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January 2019



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Worth Reprinting: Jam Tomorrow

I’ve been rereading Jam Tomorrow by Monica Redlich. It was first published in 1937 and the copy shown here is the Puffin edition of 1947; it’s ‘Warmly recommended for girls of 10-14.’ The central character is sixteen year old Jean Bascombe and the story opens with her return train journey from school, spotting all the familiar landmarks, welcomed by her brothers, delighted to be home for the summer holidays. Home is an old rectory in a village being encroached on by road, rail and town. Jean takes home for granted but it’s far from normal. Her widowed father is one of those (to my mind) supremely selfish, vague clergymen who spend most of their time in the study and seem happy as long as meals are on the table at regular hours. The live-in help, instead of being a hardworking, motherly type, is lazy and rude. The children are on bad terms with most of their neighbours, who consider them wild and mad. Money is an ever present worry, in spite of the maid, gardener, car and school fees, as the modern reader will note rather tartly.

In spite of their problems the Bascombes are happy and have a lot of fun with books, music, tennis and outdoor pursuits with the neighbouring (and very rich) Hoods. Roland, the elder brother, is very musical and hoped to go to Cambridge; lack of money means he has to go to a commercial college instead, which makes him bitter. Younger David is a rather precocious but still engaging ten year old. Within a week of Jean’s return everything has changed. Her father drops the bombshell that two previously unknown Canadian girl cousins, now orphans, have been invited to live with them. The children not surprisingly hate the thought of this but Rory and Anne turn out to be delightful. Then the maid storms out after a row and Jean decides not to tell her father. The girls cope and then propose that Jean should leave school for good and the family do without help but manage everything themselves.

At first, of course, there are many trials (‘it’s all meals!’) but they come to enjoy it and the descriptions are fun. Then they have to cope with floods which fill the ground floor, followed by the illness of just about everybody. This ill wind brings about a surprise discovery which improves their fortunes. There’s also a romance. Jean is an interesting character. Neither clever nor beautiful, socially nervous (before a dance at the Hoods' she wishes she were going to bed at half past nine with a book), she is lively, fun and not prone to introspection.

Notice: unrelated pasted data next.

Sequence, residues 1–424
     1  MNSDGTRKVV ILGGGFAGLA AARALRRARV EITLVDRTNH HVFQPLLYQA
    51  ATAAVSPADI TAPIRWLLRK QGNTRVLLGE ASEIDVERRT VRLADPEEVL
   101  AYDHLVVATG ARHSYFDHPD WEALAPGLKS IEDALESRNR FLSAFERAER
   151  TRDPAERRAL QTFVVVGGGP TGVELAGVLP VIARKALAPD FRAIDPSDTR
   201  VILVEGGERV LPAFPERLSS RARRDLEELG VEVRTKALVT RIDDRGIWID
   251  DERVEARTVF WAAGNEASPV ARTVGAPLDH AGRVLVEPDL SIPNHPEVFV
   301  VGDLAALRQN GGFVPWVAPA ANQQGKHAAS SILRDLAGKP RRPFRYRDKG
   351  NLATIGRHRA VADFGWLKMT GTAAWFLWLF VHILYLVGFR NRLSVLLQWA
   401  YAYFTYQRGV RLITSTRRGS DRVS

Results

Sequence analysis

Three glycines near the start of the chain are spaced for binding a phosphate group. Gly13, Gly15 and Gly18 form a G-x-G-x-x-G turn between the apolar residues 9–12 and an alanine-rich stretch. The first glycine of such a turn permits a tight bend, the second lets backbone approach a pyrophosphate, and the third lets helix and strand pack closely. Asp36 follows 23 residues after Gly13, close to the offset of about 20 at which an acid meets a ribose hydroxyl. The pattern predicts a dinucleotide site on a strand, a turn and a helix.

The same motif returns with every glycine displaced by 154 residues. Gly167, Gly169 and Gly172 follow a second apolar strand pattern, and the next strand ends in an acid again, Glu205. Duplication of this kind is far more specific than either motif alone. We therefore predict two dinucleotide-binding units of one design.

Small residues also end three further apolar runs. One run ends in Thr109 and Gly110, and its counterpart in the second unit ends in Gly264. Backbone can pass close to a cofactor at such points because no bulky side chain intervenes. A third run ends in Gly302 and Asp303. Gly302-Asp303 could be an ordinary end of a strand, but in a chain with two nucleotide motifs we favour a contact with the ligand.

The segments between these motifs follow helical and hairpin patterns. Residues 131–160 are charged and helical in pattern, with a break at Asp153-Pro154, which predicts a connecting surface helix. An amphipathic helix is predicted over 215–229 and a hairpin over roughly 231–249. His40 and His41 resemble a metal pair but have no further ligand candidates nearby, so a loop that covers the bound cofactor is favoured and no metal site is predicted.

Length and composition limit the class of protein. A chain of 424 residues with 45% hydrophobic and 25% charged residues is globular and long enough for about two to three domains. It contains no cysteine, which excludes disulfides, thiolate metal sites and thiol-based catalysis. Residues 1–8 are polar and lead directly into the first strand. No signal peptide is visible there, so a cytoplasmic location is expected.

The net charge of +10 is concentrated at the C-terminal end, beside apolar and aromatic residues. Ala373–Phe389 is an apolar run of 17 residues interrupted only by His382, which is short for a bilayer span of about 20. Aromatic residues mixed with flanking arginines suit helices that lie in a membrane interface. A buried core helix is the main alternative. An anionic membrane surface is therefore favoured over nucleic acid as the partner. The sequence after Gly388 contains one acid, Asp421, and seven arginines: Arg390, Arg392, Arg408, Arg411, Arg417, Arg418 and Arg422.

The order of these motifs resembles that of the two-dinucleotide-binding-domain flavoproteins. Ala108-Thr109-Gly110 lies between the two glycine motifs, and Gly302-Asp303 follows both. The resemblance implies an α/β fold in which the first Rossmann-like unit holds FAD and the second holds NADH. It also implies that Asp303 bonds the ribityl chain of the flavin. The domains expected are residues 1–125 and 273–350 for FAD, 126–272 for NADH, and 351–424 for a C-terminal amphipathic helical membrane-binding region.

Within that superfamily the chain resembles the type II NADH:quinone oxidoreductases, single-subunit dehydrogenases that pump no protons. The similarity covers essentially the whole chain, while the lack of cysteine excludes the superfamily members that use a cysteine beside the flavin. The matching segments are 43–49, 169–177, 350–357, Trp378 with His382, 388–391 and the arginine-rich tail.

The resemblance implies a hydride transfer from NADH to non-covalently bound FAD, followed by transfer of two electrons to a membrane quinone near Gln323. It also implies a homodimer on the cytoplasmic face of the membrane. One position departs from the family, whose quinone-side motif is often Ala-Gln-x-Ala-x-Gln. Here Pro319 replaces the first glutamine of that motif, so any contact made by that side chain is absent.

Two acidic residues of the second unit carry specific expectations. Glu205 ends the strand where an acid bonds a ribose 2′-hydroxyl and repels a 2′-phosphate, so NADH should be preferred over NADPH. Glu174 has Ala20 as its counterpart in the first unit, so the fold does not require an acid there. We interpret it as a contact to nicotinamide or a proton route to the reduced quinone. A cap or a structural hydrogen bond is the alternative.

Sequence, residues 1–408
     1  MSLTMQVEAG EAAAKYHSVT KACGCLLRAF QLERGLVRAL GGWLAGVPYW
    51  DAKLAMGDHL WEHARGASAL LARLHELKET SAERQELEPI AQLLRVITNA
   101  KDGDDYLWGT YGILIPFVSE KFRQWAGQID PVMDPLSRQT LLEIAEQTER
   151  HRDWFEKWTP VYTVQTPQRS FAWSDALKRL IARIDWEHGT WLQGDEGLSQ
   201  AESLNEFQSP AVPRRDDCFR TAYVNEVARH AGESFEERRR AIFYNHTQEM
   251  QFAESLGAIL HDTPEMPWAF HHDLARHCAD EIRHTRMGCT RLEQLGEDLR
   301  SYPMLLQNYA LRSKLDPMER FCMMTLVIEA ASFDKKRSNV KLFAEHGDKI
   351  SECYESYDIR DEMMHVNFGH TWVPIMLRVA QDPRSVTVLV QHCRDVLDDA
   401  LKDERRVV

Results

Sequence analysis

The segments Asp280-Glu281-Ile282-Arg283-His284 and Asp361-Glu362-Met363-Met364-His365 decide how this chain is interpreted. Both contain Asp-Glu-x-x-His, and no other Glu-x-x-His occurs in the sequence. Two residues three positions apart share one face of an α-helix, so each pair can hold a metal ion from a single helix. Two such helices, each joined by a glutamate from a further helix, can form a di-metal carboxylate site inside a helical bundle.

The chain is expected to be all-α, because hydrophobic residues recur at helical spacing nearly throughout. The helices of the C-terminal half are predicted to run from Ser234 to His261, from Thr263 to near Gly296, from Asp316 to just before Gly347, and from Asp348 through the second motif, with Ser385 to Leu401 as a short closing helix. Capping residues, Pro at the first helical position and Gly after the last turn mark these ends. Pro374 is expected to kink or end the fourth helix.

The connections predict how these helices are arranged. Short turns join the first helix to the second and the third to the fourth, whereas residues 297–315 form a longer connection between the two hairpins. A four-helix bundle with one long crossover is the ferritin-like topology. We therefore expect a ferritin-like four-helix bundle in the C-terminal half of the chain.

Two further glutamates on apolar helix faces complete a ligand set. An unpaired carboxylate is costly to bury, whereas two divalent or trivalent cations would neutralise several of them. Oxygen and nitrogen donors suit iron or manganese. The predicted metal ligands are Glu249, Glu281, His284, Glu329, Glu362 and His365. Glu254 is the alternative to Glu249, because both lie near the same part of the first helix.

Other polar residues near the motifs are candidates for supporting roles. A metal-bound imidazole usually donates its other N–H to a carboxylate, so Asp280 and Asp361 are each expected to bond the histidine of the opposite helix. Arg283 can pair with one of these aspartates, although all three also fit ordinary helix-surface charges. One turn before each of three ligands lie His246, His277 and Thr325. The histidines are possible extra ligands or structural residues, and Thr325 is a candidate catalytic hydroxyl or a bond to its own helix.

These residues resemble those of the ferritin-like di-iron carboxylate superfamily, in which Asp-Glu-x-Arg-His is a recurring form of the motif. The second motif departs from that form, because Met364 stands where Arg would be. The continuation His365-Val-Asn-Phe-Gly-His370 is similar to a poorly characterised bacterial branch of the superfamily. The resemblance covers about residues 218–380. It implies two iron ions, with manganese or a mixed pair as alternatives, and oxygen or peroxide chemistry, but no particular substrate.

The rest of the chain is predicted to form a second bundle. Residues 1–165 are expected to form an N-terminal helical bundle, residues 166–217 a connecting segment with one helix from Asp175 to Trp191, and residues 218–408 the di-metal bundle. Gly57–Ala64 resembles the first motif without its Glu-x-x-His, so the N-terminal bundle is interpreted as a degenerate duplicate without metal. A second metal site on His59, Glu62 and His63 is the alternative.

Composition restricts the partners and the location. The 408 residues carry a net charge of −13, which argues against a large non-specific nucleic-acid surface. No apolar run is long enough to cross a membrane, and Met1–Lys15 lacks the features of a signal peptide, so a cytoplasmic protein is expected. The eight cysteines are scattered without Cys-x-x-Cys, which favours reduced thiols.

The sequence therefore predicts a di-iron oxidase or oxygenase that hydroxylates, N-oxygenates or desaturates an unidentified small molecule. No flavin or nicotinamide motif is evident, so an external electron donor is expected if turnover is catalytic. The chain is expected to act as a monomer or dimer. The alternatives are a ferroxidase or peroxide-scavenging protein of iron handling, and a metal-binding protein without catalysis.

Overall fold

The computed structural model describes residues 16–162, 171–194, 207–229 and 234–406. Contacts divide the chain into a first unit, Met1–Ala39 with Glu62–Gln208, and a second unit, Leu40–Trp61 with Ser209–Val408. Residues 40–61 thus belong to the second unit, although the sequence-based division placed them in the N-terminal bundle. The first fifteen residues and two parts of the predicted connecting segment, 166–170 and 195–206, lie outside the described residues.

The only other book by Monica Redlich I’ve ever seen is the non fiction Danish Delight. Jam Tomorrow is hard to find and I think it deserves a reprint. The Children Who Lived in a Barn by Eleanor Graham (another housekeeping book) has been reprinted by Persephone Books and I like the Redlich better.


Perhaps you should suggest it - I think Persephone often take their books from readers' suggestions. Maybe it's time to start a petition. It sounds exactly like my sort of book.
Good plan! I haven't had the book that long, never read it as a child, and I love it.
I love Jam Tomorrow but think it ios more a Fidra than persephone. Five Frathings Redlich's other family story is also lovely.
Five Farthings! Oh goody, another one I haven't read.
Fidra tend to go for more outdoorsy books, don't you think? It would be great, though.
Sounds lovely can't wait to borrow it! Was so inspired last visit by your beautiful coloured glass collection, it was One Goes Mad In Charity Shop today!
Any time! Now I'm intrigued to know what the shops have yielded up to you today.
Oh, you star. I have been dying to get this for Dr Bear but couldn't remember who wrote it. Many thanks.
You kind friend: she'll love it!


I just wrote a post about her book "The Nice Girl's Guide to Good Behavior"~~I am going to try to find a copy of Jam Tomorrow for my daughter!

Michelle @ The Red Velvet Shoe
Thank you! I didn't know that much about Monica Redlich and had no idea that book was available. Good luck with finding Jam Tomorrow.


Jam Tomorrow

My mother had it as a child and loved it; it was about the only book she kept. I loved it too (yes, it even appealed to boys) and it brought me to a lifelong love of quoting Alice!

Can anybody help with the hairbrush quotation? (Something like "The comb got lost in my hair, and I lost the hairbrush weeks ago")


Jam Today

Beautifully reviewed.
I loved the book, in Australia, discovering an old copy (there are no others) around 2000.
The Lewis Carroll allusion in the title is a hint of the literate sense of humour.
Dodie Smith's "I Capture the Castle" is a good comparison, or Jean Webster's "Daddy Long-Legs", or Pauline Clarke's "Keep the Pot Boiling", with another Lewis Carroll, and vicar connection -- but I don't suppose many people know Clarke's autobiographical children's novel, beautifully illustrated by Clarke's friend, Cecil Leslie.
John Gough -- Deakin University (retired) -- jagough49@gmail.com

Re: Jam Today

Thank you.

I don't know the Pauline Clarke book and will look out for it.

Monica Redlich's Five Farthings, about a family making a new life in London, was reprinted by Margin Notes Books in 2011. More housekeeping and making do and lots of interesting detail about London.